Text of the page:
Knittel said it is likely the payroll tax cut won’t be extended. If so, Pennsylvanians’ paychecks will be a total of $5 billion lighter next year, after the rate jumps from 4.2 percent to 6.2 percent.

The payroll tax increase means the average household in Pennsylvania with an income of $50,000 would face $1,000 in additional taxes, even before higher income taxes or other costs are figured.

Since most residents would use those extra dollars to purchase goods and services, the trickle-down effect is that state sales tax coffers will miss out on about $80 million of future revenues, Knittel estimated.

He also expects income tax rates to climb for high earners — President Obama wants to extend the cuts for taxpayers making less than $250,000 per year, but allow them to expire for people above that threshold.

But as bad as the tax hikes could be, Knittel and Shaeffer agree the uncertainty created by the fiscal cliff scenario is worse.

Business leaders say the unknowns in the tax code are stalling the tentative recovery.

“It has forced employers to stand in place,” said Kevin Shivers, executive director of the Pennsylvania chapter of the National Federation of Independent Businesses, which represents small business owners. “It is preventing them from hiring, it is preventing them from expanding.

State policymakers are also stuck in neutral, unable to plan for 2013 because they don’t know what parts — if any — of the tax increases and spending cuts will become reality.

Speaking to reporters Monday, Gov. Tom Corbett said the pending tax changes from the fiscal cliff were putting a strain on budgetary plans in Pennsylvania and in other states. He called the tax increases caused by going over the cliff “overwhelming.”

The fiscal cliff is frightening,” Corbett said Monday. “I fear for the economy.  I fear for another recession.

It’s all up to Congress now, but federal policymakers are also stuck between the proverbial rock and hard place.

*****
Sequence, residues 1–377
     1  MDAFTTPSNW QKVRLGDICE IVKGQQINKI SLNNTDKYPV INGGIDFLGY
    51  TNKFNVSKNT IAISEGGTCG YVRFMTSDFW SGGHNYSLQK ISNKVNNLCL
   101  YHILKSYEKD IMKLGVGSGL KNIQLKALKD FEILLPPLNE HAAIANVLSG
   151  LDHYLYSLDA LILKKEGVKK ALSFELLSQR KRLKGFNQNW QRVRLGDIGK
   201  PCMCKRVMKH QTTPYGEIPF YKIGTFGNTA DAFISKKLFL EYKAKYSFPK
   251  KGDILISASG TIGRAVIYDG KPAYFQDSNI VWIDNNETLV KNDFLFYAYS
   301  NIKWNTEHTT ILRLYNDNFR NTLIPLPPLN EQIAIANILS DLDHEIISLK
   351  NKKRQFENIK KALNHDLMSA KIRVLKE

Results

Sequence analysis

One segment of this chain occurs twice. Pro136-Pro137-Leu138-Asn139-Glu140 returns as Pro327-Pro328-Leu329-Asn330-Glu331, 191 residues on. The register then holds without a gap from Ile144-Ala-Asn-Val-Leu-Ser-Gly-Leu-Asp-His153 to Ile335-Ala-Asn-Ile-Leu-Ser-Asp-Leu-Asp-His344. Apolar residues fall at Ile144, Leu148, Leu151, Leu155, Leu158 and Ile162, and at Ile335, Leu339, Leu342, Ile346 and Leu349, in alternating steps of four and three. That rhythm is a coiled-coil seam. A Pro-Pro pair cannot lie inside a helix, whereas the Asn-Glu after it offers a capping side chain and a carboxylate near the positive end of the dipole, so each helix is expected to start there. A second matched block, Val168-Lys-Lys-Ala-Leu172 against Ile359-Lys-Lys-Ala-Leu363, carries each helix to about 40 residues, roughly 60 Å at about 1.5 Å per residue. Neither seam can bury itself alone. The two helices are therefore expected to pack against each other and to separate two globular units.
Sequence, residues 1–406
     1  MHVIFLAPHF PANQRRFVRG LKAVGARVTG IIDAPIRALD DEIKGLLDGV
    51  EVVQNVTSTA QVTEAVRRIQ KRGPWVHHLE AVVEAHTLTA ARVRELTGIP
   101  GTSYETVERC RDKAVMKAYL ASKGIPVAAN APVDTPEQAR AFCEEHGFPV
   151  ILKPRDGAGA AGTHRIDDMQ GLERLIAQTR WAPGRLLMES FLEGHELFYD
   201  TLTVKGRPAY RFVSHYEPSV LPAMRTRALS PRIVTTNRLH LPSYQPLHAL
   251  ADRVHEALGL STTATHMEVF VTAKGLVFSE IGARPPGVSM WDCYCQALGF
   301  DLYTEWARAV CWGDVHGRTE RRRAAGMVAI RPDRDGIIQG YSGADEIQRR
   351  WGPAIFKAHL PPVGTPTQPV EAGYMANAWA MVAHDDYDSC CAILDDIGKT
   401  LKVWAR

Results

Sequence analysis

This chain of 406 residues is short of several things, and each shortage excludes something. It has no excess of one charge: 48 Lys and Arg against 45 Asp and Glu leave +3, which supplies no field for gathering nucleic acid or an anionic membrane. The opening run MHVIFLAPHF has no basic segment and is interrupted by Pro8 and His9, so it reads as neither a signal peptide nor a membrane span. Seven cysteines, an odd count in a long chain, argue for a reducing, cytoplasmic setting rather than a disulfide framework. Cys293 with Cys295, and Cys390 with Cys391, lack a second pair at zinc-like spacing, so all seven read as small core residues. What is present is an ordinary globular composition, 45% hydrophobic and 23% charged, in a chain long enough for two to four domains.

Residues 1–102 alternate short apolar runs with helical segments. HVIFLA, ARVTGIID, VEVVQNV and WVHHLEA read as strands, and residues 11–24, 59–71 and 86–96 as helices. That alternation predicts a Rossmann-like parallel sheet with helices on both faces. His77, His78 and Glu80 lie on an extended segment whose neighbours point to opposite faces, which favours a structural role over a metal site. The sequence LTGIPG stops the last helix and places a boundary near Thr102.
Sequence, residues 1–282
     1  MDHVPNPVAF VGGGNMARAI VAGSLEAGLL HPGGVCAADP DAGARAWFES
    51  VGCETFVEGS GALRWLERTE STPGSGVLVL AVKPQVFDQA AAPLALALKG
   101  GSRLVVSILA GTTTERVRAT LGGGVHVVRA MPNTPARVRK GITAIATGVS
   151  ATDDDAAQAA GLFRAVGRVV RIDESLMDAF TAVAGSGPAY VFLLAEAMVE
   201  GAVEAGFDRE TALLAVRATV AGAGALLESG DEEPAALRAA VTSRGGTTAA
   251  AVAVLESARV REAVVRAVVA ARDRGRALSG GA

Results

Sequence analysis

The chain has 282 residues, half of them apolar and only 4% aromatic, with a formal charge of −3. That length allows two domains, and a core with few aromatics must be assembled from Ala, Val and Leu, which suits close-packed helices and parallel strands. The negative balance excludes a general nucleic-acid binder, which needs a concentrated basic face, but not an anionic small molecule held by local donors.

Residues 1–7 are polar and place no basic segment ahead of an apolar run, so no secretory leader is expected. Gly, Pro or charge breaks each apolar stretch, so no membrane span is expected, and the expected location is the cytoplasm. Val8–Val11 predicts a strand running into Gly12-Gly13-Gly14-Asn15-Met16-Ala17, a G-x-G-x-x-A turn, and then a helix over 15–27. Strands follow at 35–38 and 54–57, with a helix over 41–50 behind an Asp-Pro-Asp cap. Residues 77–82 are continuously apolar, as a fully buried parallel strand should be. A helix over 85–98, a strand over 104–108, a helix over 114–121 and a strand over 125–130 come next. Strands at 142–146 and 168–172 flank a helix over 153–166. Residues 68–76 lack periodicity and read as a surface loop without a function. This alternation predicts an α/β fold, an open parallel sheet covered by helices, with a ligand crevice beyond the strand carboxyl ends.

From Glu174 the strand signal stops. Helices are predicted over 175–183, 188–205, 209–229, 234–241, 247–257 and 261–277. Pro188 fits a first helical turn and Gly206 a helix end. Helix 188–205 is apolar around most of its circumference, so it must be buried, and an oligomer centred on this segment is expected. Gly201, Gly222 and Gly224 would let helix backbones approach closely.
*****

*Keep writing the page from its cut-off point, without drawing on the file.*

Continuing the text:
The CBO estimates allowing the nation to go over the cliff would cause GDP growth to drop from 2.2 percent to 0.5 percent during 2013, throwing the nation back into a recession and sending unemployment back above 9 percent.

But avoiding the cliff has its problems, too.

A separate CBO study concludes that dodging the fiscal cliff would keep the economy out of recession in 2013, “but adopting this policy without imposing comparable restraint in future years would have substantial economic costs in the long run.”

Stauffer summed up the mess facing states, businesses and taxpayers.

“Right now there is just not a lot of certainty about what will happen with the fiscal cliff,” she said.

Contact Eric Boehm at Eric@PAIndependent.com and follow @PAIndependent on Twitter for more.

— Edited by John Trump JTrump@watchdog.org

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Eric is a reporter for Watchdog.org and former bureau chief for Pennsylvania Independent. He lives in Minneapolis, Minnesota, where he enjoys great weather and low taxes while writing about state governments, pensions, labor issues and economic/civil liberty. Previously, he worked for more than three years in Harrisburg, Pennsylvania, covering Pennsylvania state politics and occasionally sneaking across the border to Delaware to buy six-packs of beer. He has also lived (in order of desirability) in Brussels, Belgium, Pennsburg, Pa., Fairfield, Conn., and Rochester, N.Y. His work has appeared in Reason Magazine, National Review Online, The Freeman Magazine, The Philadelphia Inquirer, The Washington Examiner and elsewhere. He received a bachelor's degree from Fairfield University in 2009, but he refuses to hang on his wall until his student loans are fully paid off sometime in the mid-2020s. When he steps away from the computer, he enjoys drinking craft beers in classy bars, cheering for an eclectic mix of favorite sports teams (mostly based in Philadelphia) and traveling to new places.